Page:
In most cases, some type of hydrogen recirculation device (HRD) is used, and it has to be able to provide adequate anode gas recirculation. The ability to move water droplets out of cell channels through maximizing the anode inlet-outlet differential pressure (dP) is a crucial factor related to durability of the fuel cell stack, however, the dP measurement alone doesn’t provide enough information about the H2 recirculation rate, which corresponds to the increased H2 concentration resulting in the increased H2 chemical reaction rates, or in other words creating more power from the cubic inch of fuel cell stack.
In fuel cells, as in internal combustion engines, some excess air is provided for reaction rate improvement. In the fuel supply system, contrary to engines, it is possible to provide excess fuel, which also increases the chemical reaction rates. The excess fuel corresponds to the H2 recirculation rate.
Typically, the fuel cell stack manufacturer provides the requirement of this parameter, which known as “H2 Stoichiometry,” which is defined as a ratio of H2 flow in the stack inlet to the amount of H2 consumed in the stack. The unconsumed H2, along with the ballast gases, are moved from the stack outlet to the stack inlet through the H2 recirculation device.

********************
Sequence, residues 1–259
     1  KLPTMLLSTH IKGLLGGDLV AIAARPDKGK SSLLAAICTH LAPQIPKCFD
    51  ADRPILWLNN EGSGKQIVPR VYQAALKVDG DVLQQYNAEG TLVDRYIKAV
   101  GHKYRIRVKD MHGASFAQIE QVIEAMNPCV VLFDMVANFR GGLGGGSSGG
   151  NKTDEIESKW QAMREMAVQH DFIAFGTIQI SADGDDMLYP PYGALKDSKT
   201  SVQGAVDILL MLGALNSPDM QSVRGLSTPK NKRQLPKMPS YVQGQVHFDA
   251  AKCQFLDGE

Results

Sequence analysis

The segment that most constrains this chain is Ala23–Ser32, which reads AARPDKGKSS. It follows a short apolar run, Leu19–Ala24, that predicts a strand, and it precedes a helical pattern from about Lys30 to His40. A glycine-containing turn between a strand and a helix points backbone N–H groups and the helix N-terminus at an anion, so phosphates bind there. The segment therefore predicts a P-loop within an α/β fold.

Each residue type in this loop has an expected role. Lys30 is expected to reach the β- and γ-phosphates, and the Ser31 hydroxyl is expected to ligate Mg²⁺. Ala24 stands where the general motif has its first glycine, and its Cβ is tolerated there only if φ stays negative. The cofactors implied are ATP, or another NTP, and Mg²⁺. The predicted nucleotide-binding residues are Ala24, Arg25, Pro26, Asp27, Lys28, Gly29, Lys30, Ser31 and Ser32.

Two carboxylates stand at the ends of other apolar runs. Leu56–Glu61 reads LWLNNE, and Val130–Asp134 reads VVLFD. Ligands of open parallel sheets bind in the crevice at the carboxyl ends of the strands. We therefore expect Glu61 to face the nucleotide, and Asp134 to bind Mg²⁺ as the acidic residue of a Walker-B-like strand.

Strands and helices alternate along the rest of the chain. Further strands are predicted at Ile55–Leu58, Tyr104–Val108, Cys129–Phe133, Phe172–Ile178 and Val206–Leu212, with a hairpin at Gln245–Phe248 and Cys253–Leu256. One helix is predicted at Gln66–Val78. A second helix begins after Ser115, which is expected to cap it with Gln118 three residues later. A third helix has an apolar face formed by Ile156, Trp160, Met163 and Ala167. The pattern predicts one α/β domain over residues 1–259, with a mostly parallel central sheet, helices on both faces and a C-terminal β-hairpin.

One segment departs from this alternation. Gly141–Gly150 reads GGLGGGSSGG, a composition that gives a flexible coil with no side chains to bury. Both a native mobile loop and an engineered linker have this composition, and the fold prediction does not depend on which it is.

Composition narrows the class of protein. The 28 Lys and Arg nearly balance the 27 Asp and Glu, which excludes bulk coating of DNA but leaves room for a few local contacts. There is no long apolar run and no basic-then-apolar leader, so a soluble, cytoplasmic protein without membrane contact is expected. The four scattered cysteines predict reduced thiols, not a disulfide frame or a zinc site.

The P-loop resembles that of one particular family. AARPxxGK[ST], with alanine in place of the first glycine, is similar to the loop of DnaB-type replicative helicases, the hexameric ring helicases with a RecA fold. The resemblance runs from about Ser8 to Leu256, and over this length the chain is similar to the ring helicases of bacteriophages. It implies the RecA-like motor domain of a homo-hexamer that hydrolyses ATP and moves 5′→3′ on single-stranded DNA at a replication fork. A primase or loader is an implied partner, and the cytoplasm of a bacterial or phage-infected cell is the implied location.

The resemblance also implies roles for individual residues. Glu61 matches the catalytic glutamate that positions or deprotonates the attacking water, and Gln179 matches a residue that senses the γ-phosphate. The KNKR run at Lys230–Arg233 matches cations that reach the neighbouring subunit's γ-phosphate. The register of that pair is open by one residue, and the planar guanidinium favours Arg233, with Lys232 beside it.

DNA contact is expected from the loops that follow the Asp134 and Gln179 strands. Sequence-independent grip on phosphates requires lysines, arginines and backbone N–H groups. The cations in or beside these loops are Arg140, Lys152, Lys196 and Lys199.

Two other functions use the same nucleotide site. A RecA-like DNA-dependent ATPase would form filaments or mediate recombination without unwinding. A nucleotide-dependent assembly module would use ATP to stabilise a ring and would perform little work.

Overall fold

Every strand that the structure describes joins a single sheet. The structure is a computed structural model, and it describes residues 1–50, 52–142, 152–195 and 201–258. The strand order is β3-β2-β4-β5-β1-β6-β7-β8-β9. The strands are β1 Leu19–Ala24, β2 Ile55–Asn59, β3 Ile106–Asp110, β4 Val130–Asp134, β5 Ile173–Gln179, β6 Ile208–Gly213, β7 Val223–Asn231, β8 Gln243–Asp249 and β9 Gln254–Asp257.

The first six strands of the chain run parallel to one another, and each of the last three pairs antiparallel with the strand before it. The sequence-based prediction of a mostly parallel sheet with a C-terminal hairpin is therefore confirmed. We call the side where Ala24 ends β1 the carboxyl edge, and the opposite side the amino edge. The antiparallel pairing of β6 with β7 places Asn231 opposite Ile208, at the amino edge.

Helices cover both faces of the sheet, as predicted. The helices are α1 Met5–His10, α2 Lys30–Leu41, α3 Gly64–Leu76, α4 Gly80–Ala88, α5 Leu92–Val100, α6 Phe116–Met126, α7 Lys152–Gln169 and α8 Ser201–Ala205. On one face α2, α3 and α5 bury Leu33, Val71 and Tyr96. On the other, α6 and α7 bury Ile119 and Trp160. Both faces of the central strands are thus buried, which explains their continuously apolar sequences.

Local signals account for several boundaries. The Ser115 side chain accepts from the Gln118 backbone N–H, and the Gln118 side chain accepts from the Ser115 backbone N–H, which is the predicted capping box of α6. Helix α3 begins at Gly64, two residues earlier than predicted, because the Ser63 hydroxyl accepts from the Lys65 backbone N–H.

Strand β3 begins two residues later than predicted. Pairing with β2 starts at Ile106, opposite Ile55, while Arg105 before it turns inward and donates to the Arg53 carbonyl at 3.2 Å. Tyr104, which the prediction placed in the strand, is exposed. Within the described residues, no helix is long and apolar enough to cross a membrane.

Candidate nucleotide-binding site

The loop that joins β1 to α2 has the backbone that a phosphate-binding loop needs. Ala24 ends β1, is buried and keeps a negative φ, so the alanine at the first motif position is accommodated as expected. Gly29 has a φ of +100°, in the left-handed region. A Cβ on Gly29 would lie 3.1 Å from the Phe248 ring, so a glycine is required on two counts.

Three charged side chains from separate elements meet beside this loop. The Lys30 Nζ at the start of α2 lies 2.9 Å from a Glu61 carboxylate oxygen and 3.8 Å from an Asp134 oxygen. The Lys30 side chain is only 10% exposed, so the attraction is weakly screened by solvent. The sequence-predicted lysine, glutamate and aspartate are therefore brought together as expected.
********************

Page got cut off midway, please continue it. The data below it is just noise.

The challenge is to determine which part of the recirculated gas mixture is hydrogen. The stack supplier can specify the required H2 excess when testing stacks on dedicated test stations where the excess hydrogen is released from the stack outlet. In this situation there is practically no N2 present and the humidity of feed H2 can be set through the test station controls. In field applications, the N2 gas accumulates in the anode space when a mechanical device is used to move the hydrogen from the outlet to the inlet in a closed loop and its concentration (N2% volume) can be measured along with the RH percentage at the stack inlet.
Quest for efficiency
The more efficiency a fuel cell has, the greater the electrical energy output versus the hydrogen gas input. Proper chemistry is required to make a fuel cell work, but for larger PEM devices, hydrogen recirculation is a clear path to make them more efficient and provide significantly longer rage in mobile applications. A brushless dc electric (BLDC) motor-driven hydrogen recirculation system can pay for itself with the more efficient use of the fuel gases.
The Wankel Roots-style blower has proven to be well suited for this task. The minute airgaps (under 10ths of a millimeter) inherent in the Wankel rotor and casing design, when pumping water (or steam) as well as the fuel, have provided efficiency hitherto unavailable.
Moving hydrogen within a fuel cell is no small task and doing it efficiently is the Holy Grail of today’s larger fuel cell systems.
Fred Cacace is product manager at Ogura Industrial Corp., Somerset, N.J., with J. Blaszczyk, Ph.D. as consultant.